Review: The Coach House, Exmoor

Sweetbread ravioli

Sweetbread ravioli

Or to give it its proper title: “The Coach House by Michael Caines“. In the interest of full disclosure, this kind of thing really gets on my wick so I was likely to be skeptical going into this meal! Is it really necessary to suck people in with a name? All I can find on the website about Michael’s involvement is this: “Everything is created from scratch by our talented kitchen team, who were hand-picked by Michelin starred chef Michael Caines.” Pfff!

Och, I know, it’s just business. And the chic folk adorning the tables tonight were no doubt drawn down to Exmoor by the name. In a difficult economy and a crowded market it’s every country house hotel for themselves and thinking caps on for the marketing and PR agencies.

John Dory

John Dory

We were drawn down to Exmoor for a weekend of hiking, and bloody lovely it was too, but I can’t leave home without looking for an excuse to try a new restaurant, so here we are and my expectations are firmly in check. When I asked our waiter what the selection of local cheeses were, he replied “it’s a goat cheese, a brie, a blue one and a cheddar”. That’s the level we’re pitching at. So I certainly wasn’t after the tasting menu.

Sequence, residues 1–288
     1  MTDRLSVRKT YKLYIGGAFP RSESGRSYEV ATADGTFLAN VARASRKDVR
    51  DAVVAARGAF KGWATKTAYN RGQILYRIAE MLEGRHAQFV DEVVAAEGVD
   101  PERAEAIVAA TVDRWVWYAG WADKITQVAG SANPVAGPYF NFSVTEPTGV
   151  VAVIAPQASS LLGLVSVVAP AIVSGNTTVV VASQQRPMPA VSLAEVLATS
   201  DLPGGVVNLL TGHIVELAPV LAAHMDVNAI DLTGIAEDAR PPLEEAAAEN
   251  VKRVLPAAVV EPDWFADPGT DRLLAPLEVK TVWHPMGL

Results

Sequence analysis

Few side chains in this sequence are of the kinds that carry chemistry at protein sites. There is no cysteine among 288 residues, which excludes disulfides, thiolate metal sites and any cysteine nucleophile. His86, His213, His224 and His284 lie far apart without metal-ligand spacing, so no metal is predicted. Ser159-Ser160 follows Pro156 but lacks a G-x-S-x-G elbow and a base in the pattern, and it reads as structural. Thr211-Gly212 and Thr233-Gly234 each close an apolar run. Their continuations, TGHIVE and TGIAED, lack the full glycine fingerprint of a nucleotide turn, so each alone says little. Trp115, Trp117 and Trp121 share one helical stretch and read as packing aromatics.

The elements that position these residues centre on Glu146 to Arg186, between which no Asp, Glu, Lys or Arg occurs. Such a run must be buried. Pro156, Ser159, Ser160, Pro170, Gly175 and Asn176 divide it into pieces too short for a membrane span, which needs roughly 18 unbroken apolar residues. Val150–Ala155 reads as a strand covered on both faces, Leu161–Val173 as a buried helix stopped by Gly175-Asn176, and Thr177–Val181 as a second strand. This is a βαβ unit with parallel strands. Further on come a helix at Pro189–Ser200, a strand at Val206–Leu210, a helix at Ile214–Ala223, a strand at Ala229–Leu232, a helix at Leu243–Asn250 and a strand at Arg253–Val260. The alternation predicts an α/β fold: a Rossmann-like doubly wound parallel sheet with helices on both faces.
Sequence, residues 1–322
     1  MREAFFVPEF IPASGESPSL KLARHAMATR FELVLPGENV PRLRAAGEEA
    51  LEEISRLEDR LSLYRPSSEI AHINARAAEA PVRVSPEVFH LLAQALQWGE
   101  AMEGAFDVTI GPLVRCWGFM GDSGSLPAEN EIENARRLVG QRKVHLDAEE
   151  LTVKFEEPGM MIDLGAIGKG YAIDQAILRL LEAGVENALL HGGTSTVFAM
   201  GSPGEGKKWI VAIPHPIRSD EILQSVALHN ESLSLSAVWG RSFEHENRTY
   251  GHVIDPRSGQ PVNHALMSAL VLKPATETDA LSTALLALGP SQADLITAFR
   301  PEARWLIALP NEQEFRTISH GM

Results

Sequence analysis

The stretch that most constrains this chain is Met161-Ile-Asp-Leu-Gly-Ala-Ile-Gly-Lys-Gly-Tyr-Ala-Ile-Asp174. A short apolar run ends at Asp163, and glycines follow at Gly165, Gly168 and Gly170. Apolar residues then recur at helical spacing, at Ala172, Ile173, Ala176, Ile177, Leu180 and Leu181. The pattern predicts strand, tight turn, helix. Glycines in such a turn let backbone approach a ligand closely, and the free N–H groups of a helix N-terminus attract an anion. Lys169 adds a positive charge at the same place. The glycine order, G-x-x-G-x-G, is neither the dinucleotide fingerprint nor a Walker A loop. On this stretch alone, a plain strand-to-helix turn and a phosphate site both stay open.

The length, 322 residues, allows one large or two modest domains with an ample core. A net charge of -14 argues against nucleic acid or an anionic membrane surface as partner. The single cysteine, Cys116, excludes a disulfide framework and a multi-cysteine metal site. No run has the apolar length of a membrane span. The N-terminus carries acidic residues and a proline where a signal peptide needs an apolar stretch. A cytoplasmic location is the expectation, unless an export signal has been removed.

There’s an amuse of a decent gazpacho and then we’re onto starters. Mine is a ravioli of sweetbread with a sweet and rich sherry sauce, nice bit of braised lettuce on the side. Whaddya know? Really very, very good. Dish of the evening. Maureen’s lobster dish, strewn in bits over the plate, is just okay. Turns out mango and lobster aren’t the most brilliant of bedfellows and the “curried” lobster mayonnaise isn’t really.

Beef fillet

Beef fillet

You can’t go wrong with a nice bit of local beef fillet, and mine was perfectly good. Crispy little shallot rings, roast silverskins, bits of mushroom that I’m not certain deserve the “wild mushroom” label they wore on the menu, and some grainy watercress puree. All good, if absolutely 100% predictable. Special bonus marks for an accompaniment of ox heart tartare! This was ace. Maureen’s John Dory was a decent bit of fish, though the black garlic sauce was heavy on the soy and as a whole the plate was unbalanced.